Michael Kramer, President of Stolt Tank Containers, gives an interview to HCB Magazine
Michael Kramer, President of Stolt Tank Containers, spoke to HCB magazine about the need for the industry to say farewell to unsustainable flexibags for good.
“I refuse to use flexis,” says Mike Kramer firmly. Kramer, president of Stolt Tank Containers (STC), is no fan of flexitanks which, he says, present safety and environmental risks that are not acceptable, particularly at a time when senior figures across the chemical industry are arguing that the sector must become more sustainable.
“The tank container is the safest mode of transporting liquids, quite apart from environmental aspects,” Kramer insists. Flexibags might be only used to carry non-hazardous products but their frequent leaks can present significant cleanup and disposal problems. Even if they do not leak, can they be properly cleaned of their contents once emptied and sent for disposal? The indirect environmental impact of flexis is also a major concern for Kramer, who says that 4 to 5 per cent of all plastic material manufactured ends up in the world’s oceans, contributing to the growing problem of plastics pollution that has become such a hot topic recently.
Each flexibag weighs around 40 kg and it is estimated that around one million flexis are manufactured each year for a single-use trip; that means that, if flexis receive the same sort of treatment as other single-use plastics materials, around 2,000 tonnes of plastic is being added each year to the problem. But if flexis are costly to the environment, they are undoubtedly cheaper to use than a tank container – and this is part of the problem if industry wants to address their widespread use. Kramer thinks the conversation needs to be escalated in the client industries: procurement people will always be looking at the bottom line and, if they can find a cheaper way to move their product, that’s what they will choose. But corporate leadership often has a wider view and, if sustainability is what they are looking for, then a more sustainable means of moving product should be their goal. And that is just what tank containers offer.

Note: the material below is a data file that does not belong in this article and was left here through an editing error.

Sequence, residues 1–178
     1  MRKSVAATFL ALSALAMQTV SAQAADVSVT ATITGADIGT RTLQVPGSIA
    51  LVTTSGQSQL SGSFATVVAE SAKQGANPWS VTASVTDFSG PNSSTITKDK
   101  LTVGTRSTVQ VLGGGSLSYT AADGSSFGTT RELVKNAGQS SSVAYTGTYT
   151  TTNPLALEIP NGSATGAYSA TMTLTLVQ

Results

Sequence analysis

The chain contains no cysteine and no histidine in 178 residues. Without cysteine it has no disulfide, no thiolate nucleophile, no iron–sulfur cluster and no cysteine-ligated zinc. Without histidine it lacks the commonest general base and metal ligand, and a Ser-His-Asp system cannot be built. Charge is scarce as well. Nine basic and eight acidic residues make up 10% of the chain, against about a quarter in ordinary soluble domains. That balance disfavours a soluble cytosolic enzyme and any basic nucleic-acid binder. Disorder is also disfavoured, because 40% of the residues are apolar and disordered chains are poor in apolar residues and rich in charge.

A way forward?
To counter competition from low-cost, disposable flexitanks, tank containers need to become more competitive, Kramer reasons. In particular, there needs to be a broader network of tank cleaning and repair depots where tanks can get cleaned so they can pick up return loads at places where the lack of such facilities currently makes that impossible. Indeed, he says, such locations are precisely where flexis have a natural market, as they are just thrown away and do not need to find a return load. As the tank depot network expands, Kramer says, the size of the natural market for flexis will shrink, so it is in the interests of tank container operators to promote the development of the necessary infrastructure.
Kramer also says that the container lines have a role to play. If a flexi leaks while aboard ship, the cleanup can be problematic and costly, especially if the ship needs to be held in port for days. Similarly, when the side walls of a container bulge because of the weight of the cargo in a flexibag, it can lead to problems in unloading containers, again leading to vessels being delayed. If the lines wake up to this issue, they may start to take a dim view of flexis. But ultimately, it’s about plastic, says Kramer. “Supermarkets have got rid of single-use plastics bags, and it’s time that industry did the same.”